A couple of days ago I had an epic fall. I was racing around the house in a frenzy of pizza delivery excitement and my feet betrayed me. I slipped on a step and landed on the ground like a 135ish lb pancake. I would have ended up in the hospital if my hand hadn’t been in the exact spot my head came crashing down on. “Please don’t tell anyone at the pizza place that you saw me fall,” I pathetically begged the delivery guy. It was traumatic and awful and all I have to show for it is a couple of purple spots above my knees.
It felt like one of those falls that happen as you get older and results in hip replacement surgery. Even my nearly 75 year-old father, who witnessed the event, commented that it reminded him of one of his falls. He’s been falling with some frequency of late and, although I never witnessed him fall, it’s scary when I hear they’ve happened. Part of it is scary because you hate to see your parent get so fragile, but part of it is realizing it will be you before you know it.
I’m 42 now and things seem to be going downhill rather rapidly. It takes me forever to recover from injuries and I have to watch my diet like a freaking swimwear model. In my youth I would eat at several fast food joints a day and never gain weight, now I run about 20 miles a week and pray to break even.
I’m a lot like my dad. He got his hearing aids a couple of years ago but my mom insisted he needed them long before that. I have my dad’s same hearing issues. I, too, suffer the pain of a short attention span combined with an inadequate interest in what most people are saying. I’m luckier than my dad though, I can pretend to follow a conversation better than he can. Sometimes, though, I just stare blankly while trying to decide if I should people to repeat themselves. I may as well say, “slow down sonny, yer talkin’ too fast!” Perhaps I could start whacking things with a cane for emphasis.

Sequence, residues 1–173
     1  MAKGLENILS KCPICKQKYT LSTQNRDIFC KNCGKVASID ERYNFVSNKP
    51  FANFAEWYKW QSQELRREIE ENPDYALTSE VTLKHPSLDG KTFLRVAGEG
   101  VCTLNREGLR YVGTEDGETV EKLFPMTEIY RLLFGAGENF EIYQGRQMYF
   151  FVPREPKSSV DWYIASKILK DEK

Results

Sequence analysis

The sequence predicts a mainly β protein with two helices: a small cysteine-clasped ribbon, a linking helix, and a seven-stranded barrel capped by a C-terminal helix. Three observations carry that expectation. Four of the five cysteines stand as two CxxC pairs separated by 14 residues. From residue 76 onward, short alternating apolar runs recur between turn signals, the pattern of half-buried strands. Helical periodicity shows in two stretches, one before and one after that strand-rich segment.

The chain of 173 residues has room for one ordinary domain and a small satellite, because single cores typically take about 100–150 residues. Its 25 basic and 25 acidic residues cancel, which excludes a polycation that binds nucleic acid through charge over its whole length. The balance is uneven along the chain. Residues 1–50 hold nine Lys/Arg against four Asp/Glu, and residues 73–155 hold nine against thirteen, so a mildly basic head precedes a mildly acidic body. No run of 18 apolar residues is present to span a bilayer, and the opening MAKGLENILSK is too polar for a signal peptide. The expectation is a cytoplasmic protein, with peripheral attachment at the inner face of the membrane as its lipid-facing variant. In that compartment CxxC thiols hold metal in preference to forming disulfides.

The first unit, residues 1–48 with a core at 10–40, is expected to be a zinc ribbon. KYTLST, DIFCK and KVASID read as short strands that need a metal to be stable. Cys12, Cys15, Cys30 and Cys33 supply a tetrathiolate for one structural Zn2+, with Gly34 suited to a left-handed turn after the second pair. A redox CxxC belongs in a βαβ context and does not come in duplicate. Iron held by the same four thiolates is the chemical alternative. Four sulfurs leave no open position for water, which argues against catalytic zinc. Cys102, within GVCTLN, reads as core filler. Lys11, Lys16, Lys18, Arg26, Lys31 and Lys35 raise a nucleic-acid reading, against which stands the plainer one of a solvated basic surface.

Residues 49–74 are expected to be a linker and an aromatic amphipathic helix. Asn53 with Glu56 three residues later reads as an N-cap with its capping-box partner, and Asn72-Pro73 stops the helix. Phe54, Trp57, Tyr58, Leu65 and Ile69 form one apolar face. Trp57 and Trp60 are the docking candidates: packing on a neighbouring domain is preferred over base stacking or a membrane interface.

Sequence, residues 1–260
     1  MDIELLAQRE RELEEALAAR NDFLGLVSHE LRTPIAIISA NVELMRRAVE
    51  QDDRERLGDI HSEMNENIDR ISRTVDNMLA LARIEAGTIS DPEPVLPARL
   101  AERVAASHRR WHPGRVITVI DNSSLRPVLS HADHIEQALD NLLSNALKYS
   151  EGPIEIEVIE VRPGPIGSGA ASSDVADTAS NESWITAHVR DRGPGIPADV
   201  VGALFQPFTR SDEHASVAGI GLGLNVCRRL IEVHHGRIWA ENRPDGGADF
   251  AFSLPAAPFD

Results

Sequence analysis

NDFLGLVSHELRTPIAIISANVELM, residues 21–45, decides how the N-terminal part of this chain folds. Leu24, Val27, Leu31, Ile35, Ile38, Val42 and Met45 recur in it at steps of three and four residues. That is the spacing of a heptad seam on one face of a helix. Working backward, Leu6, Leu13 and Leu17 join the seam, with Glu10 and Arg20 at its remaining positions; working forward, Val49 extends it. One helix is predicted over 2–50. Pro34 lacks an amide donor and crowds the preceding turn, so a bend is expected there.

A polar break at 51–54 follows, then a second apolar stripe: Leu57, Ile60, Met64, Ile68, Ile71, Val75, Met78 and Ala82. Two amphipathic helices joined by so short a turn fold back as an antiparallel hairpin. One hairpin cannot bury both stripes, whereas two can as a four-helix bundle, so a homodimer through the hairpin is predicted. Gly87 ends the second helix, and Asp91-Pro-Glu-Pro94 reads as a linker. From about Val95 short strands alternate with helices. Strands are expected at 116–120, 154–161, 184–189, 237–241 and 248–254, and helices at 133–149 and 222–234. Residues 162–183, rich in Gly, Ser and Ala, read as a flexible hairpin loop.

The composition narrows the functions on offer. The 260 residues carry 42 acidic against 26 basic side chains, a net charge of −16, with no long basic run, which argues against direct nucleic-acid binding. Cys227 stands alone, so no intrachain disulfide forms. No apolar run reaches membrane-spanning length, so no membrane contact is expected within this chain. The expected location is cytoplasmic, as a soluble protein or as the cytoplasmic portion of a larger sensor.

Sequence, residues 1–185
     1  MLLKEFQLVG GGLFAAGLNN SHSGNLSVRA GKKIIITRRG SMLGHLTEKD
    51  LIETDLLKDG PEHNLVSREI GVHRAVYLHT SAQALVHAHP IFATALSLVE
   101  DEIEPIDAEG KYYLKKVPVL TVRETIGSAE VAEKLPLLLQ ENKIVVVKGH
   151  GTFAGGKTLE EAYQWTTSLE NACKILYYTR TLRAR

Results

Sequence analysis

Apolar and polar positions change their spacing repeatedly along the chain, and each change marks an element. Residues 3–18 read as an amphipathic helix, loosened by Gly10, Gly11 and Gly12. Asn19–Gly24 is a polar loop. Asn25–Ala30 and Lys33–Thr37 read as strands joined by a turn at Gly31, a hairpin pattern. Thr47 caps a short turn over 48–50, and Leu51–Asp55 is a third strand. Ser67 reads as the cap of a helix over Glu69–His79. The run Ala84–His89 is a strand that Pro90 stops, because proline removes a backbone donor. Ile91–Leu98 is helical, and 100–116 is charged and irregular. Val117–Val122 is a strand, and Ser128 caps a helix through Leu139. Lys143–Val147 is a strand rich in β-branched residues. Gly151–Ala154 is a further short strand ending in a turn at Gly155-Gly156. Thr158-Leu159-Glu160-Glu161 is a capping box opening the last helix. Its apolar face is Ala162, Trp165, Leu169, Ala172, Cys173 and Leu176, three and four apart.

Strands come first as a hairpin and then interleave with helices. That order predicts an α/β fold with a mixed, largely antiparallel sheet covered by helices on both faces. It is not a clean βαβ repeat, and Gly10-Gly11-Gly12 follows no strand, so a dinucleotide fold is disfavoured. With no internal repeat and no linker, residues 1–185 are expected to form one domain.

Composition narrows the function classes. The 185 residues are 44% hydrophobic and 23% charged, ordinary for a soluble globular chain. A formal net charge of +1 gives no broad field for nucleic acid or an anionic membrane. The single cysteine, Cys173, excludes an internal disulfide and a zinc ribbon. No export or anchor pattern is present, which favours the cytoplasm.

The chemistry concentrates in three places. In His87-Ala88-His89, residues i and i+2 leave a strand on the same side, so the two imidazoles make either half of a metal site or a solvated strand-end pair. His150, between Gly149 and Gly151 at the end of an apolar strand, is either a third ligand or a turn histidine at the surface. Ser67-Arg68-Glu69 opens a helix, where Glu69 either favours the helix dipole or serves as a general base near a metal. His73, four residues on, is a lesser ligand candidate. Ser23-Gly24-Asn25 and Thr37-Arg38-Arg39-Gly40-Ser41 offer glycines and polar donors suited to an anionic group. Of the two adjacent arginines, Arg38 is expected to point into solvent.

While taking pictures of my nose for last week’s post, I went through dozens of pictures of my face and really noticed the (not-so) fine lines around my eyes and mouth. I was hoping the wrinkles could be delayed for a few years if I spent a small fortune on moisturizers and face masks. But we know they don’t really do any good. Ironically, I also have highlights that cover the natural grey so many young women are paying big money to color their hair these days. It’s awesome, they’re dying their hair full-on grey. Perhaps one day wrinkles and saggy boobs will be hip too. Of course the one thing I want to deteriorate (a little) is the one thing taking its damn time. Ever since I was a child I’ve wanted to wear glasses. It’s borderline Body Dysmorphic Disorder – I always felt like my face needed to have them in order to feel complete. I finally just bought some fake glasses and wear them all day at work. I love them so much that I have taken to wearing them at home when I write because it makes me feel more “writerish.” Don’t judge.
So there it is, our eternal human conundrum: The unfortunate consequence of growing up is growing old. Not that I’m in any danger of becoming fully mature – this morning I left a Jenga tower on a co-worker’s desk because I found out she is terrified of the game. Since I’m apparently going to be an immature old person, I’ll try not to be a whiner and remember the adage: Do not regret growing older. It is a privilege denied to many.